The Content is general information only. It is not intended to constitute legal advice or seek to be the complete and comprehensive statement of the law, nor is it intended to address your specific requirements or provide advice on which reliance should be placed. Mondaq and/or its Contributors and other suppliers make no representations about the suitability of the information contained in the Content for any purpose. All Content provided "as is" without warranty of any kind. Mondaq and/or its Contributors and other suppliers hereby exclude and disclaim all representations, warranties or guarantees with regard to the Content, including all implied warranties and conditions of merchantability, fitness for a particular purpose, title and non-infringement. To the maximum extent permitted by law, Mondaq expressly excludes all representations, warranties, obligations, and liabilities arising out of or in connection with all Content. In no event shall Mondaq and/or its respective suppliers be liable for any special, indirect or consequential damages or any damages whatsoever resulting from loss of use, data or profits, whether in an action of contract, negligence or other tortious action, arising out of or in connection with the use of the Content or performance of Mondaq’s Services.


Mondaq may alter or amend these Terms by amending them on the Website. By continuing to Use the Services and/or the Website after such amendment, you will be deemed to have accepted any amendment to these Terms.

These Terms shall be governed by and construed in accordance with the laws of England and Wales and you irrevocably submit to the exclusive jurisdiction of the courts of England and Wales to settle any dispute which may arise out of or in connection with these Terms. If you live outside the United Kingdom, English law shall apply only to the extent that English law shall not deprive you of any legal protection accorded in accordance with the law of the place where you are habitually resident ("Local Law"). In the event English law deprives you of any legal protection which is accorded to you under Local Law, then these terms shall be governed by Local Law and any dispute or claim arising out of or in connection with these Terms shall be subject to the non-exclusive jurisdiction of the courts where you are habitually resident.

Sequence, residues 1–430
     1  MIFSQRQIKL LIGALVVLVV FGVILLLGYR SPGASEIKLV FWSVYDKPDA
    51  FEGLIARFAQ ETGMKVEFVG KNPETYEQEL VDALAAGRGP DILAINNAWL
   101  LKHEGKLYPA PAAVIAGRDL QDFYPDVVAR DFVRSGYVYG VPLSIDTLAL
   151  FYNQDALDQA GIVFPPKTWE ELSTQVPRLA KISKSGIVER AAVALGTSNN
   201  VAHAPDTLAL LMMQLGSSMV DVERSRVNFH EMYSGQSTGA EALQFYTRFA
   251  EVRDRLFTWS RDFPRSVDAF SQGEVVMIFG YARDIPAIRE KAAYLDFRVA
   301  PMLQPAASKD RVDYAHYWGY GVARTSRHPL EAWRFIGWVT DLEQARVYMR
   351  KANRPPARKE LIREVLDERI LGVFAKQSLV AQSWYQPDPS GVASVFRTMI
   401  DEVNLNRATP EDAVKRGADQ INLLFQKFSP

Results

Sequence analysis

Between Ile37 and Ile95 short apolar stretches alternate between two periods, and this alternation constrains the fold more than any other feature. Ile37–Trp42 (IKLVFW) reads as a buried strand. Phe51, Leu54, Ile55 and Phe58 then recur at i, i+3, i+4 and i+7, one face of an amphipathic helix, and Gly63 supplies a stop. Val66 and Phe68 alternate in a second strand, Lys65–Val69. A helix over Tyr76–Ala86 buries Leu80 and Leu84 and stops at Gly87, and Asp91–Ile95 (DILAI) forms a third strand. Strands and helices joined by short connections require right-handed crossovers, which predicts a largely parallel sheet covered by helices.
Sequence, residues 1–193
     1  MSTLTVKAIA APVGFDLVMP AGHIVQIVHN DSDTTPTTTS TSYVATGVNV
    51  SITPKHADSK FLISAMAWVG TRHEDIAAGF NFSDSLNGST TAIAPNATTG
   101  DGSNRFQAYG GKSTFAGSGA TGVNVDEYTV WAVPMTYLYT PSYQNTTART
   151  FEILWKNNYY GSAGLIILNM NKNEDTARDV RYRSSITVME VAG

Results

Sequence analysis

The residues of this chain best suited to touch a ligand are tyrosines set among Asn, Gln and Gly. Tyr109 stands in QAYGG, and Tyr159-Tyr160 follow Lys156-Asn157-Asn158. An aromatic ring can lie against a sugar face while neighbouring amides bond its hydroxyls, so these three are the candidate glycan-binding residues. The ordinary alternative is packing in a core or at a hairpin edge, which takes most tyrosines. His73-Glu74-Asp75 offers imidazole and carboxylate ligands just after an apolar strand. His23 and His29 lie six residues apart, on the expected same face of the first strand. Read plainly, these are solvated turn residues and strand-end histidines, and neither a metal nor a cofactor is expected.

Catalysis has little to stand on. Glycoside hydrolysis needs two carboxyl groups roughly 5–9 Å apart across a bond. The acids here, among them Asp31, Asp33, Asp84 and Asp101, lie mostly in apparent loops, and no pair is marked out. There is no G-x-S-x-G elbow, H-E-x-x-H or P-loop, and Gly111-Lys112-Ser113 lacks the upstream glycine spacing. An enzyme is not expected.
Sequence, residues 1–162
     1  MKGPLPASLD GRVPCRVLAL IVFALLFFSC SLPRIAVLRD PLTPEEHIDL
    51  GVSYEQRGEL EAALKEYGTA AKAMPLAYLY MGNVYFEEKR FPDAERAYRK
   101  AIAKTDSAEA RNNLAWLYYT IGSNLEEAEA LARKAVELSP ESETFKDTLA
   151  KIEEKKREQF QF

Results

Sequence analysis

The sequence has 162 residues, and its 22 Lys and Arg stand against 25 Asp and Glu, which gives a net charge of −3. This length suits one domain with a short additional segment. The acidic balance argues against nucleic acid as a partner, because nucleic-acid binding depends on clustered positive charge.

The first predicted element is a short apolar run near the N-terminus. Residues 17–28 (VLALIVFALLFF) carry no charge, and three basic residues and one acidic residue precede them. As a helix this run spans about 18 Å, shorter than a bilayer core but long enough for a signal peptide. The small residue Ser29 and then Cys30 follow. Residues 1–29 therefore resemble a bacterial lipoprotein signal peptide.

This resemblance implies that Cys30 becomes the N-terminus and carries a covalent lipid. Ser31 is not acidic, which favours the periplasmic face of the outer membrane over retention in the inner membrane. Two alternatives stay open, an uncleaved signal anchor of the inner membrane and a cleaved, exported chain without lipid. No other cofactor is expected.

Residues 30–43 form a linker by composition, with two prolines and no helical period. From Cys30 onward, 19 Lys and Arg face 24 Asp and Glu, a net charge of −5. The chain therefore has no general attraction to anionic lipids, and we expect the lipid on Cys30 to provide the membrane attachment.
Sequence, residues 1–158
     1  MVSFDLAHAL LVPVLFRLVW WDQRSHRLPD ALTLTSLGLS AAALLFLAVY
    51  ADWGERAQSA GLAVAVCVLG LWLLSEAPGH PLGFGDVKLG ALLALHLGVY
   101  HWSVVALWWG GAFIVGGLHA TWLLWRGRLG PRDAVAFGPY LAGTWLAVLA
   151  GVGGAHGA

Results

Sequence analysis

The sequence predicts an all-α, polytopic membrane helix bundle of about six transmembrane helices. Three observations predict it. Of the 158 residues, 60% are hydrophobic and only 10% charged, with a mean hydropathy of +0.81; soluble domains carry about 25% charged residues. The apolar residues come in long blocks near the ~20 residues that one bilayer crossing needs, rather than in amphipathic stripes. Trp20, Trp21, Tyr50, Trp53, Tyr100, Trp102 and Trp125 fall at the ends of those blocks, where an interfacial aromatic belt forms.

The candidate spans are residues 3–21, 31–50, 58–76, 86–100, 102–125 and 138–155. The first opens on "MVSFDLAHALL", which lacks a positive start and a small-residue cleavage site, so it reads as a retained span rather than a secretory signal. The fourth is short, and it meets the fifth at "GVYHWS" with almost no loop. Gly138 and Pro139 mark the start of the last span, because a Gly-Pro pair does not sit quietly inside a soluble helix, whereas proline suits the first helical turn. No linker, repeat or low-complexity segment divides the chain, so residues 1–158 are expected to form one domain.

You may print and keep a copy of these Terms, which form the entire agreement between you and Mondaq and supersede any other communications or advertising in respect of the Service and/or the Website.

No delay in exercising or non-exercise by you and/or Mondaq of any of its rights under or in connection with these Terms shall operate as a waiver or release of each of your or Mondaq’s right. Rather, any such waiver or release must be specifically granted in writing signed by the party granting it.

If any part of these Terms is held unenforceable, that part shall be enforced to the maximum extent permissible so as to give effect to the intent of the parties, and the Terms shall continue in full force and effect.

Mondaq shall not incur any liability to you on account of any loss or damage resulting from any delay or failure to perform all or any part of these Terms if such delay or failure is caused, in whole or in part, by events, occurrences, or causes beyond the control of Mondaq. Such events, occurrences or causes will include, without limitation, acts of God, strikes, lockouts, server and network failure, riots, acts of war, earthquakes, fire and explosions.

By clicking Register you state you have read and agree to our Terms and Conditions